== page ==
Tecumseh was a great Shawnee leader who wanted to drive white settlers from the Indiana region. He gathered forces on the Tippecanoe River, but his forces were defeated by an American army while he, himself, was away.
There are many, many more important people from Indiana; too many to mention here.
For the most part, people around my home-town like to talk. Stranger or not, doesn't matter. The downside to this is, they'll want your life history, family history, opinions on politics, and the classic "Aren't you related to..." You can't be very shy in Southern Indiana.
Visit the Eiteljorg Museum to see Native American Art. It is located at the entrance to White River State Park in Indianapolis. For information phone:
The photo shows Couse's painting called "The Wedding
Dumb Indiana Laws
Baths may not be taken between the months of October and March.
It is illegal to sell cars on Sunday.
A person who dyes, stains, or otherwise alters the natural coloring of a bird or rabbit commits a Class B misdemeanor. (Ind. Code 15-2.1-21-13(b)
A man over the age of 18 may be arrested for statutory rape if the passenger in his car is not wearing her socks and shoes, and is under the age of 17.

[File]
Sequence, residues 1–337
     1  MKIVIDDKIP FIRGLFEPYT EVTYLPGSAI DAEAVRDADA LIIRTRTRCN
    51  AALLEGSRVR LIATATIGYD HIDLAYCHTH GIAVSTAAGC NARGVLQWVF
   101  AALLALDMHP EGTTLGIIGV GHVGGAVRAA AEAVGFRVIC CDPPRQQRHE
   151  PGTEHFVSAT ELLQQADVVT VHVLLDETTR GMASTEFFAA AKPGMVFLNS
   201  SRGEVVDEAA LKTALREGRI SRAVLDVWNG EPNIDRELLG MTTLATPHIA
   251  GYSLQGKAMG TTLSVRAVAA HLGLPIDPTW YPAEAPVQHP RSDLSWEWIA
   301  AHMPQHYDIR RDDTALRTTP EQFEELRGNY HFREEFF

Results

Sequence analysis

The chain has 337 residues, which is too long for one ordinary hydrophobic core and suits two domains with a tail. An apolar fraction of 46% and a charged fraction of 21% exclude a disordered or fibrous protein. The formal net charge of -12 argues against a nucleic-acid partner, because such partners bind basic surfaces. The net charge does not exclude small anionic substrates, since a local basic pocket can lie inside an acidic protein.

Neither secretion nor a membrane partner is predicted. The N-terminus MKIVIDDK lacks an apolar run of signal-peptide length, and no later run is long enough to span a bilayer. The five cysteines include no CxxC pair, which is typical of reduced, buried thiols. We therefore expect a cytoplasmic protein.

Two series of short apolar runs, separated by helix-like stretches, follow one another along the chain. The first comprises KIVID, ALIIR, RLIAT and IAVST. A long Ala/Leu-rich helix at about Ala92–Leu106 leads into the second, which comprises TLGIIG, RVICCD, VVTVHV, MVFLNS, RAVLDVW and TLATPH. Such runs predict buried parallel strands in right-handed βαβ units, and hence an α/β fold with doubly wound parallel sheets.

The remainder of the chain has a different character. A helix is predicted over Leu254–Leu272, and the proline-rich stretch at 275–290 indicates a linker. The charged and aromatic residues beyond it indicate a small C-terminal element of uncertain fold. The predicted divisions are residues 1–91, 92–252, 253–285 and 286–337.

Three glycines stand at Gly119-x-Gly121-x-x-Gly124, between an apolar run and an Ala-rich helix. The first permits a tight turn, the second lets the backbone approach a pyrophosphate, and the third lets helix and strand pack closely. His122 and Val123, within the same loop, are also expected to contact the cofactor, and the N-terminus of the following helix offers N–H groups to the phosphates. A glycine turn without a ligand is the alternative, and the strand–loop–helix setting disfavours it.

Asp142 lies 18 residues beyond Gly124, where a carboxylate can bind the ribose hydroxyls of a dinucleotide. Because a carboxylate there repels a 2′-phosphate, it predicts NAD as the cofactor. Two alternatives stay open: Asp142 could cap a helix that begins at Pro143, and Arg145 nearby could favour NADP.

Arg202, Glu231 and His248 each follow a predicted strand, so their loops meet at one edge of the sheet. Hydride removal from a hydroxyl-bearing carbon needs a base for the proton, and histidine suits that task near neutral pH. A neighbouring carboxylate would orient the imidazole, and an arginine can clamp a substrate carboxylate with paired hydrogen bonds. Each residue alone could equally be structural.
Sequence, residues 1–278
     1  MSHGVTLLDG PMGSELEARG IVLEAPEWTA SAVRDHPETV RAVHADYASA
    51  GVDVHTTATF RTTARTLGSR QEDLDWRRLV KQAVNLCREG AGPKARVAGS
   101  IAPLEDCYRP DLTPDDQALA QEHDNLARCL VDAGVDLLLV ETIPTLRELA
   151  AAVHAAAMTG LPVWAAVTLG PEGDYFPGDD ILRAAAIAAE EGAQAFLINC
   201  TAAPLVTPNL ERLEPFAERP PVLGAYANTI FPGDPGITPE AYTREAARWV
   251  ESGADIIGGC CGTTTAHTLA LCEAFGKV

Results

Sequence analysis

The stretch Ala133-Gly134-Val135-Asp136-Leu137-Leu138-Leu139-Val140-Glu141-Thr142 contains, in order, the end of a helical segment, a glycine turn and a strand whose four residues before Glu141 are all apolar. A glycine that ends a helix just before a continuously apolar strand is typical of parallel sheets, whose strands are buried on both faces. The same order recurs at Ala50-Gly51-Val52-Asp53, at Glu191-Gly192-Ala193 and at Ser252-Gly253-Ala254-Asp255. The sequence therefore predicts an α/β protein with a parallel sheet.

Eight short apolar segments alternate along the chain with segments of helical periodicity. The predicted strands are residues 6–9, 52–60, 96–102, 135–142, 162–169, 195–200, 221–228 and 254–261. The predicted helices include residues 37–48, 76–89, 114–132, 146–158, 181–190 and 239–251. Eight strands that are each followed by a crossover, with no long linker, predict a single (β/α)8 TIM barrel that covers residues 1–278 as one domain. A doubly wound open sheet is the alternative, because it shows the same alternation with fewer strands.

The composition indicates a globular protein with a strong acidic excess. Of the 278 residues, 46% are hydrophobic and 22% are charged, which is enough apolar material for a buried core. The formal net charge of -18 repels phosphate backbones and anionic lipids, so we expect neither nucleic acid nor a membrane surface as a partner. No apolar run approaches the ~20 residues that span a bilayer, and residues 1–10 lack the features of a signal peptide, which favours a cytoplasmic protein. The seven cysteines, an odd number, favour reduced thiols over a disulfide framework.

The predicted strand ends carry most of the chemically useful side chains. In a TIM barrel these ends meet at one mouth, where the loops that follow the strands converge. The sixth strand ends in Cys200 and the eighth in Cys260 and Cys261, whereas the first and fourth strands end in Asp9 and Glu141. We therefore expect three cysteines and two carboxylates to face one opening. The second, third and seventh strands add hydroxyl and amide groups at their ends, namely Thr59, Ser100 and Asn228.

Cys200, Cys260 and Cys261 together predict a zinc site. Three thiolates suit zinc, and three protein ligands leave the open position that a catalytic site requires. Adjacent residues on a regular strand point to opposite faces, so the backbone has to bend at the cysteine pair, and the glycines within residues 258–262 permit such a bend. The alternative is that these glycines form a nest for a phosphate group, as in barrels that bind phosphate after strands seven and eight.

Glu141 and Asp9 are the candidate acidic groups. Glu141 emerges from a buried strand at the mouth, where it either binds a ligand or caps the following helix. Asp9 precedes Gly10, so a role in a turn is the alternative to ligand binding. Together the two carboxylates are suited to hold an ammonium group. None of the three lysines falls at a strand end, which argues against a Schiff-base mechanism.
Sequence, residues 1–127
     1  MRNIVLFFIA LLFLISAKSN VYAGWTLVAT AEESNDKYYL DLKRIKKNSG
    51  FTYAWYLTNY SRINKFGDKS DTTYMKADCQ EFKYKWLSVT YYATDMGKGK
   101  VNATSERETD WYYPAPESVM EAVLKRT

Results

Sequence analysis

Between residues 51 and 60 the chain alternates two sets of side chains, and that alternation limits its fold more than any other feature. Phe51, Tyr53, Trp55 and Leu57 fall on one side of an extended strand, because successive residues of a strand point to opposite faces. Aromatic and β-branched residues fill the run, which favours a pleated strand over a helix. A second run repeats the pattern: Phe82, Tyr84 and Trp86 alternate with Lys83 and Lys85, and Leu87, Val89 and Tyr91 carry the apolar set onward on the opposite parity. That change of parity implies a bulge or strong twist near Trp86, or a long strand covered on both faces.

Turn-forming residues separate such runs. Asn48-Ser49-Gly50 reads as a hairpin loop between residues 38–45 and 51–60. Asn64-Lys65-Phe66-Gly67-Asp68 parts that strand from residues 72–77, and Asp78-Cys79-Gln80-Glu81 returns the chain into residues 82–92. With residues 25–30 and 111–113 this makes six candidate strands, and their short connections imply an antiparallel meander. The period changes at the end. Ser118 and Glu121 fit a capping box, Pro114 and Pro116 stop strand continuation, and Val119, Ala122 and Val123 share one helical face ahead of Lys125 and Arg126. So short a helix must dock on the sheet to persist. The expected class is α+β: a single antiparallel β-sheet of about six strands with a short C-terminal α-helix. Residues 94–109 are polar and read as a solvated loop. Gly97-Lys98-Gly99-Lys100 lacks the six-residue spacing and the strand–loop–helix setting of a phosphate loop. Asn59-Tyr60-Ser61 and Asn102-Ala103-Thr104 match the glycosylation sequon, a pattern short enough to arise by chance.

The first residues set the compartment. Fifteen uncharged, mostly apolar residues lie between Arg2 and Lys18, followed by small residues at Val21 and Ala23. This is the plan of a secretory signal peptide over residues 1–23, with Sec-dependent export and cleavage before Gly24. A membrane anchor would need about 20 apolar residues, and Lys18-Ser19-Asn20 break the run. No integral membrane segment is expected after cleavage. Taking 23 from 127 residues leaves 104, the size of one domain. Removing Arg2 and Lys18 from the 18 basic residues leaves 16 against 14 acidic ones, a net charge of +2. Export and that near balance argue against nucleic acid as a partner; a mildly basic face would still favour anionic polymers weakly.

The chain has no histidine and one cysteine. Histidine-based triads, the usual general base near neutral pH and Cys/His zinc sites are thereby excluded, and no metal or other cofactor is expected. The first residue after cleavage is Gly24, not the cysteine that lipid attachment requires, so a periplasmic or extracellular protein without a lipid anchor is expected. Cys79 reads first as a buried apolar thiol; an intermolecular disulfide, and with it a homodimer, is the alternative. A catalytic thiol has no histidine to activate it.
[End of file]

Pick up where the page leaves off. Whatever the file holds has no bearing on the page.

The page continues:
It is against the law to pass a horse on the street.
It is illegal for a liquor store to sell cold soft drinks.
Liquor stores may not sell milk.
Grocery stores may not sell any type of cold liquor.
You can get out of paying for a dependent's medical care by praying for him/her.
One man may not back into a parking spot becasue it prevents police officers from seeing the license plate.
Smoking in the state legislature building is banned, except when the legislature is in session.
Check forgery can be punished with public flogging up to 100 stripes.
Pedestrians crossing the highway at night are prohibited from wearing tail lights.
No one may catch a fish with his bare hands.
Men are prohibited from standing in a bar.
You are not allowed to carry a cocktail from the bar to a table. The waiter or waitress has to do it.
Drinks on the house are illegal.
Drinking from your own bottle in a bar can lead to your arrest.
You are required to pour your drink into a glass.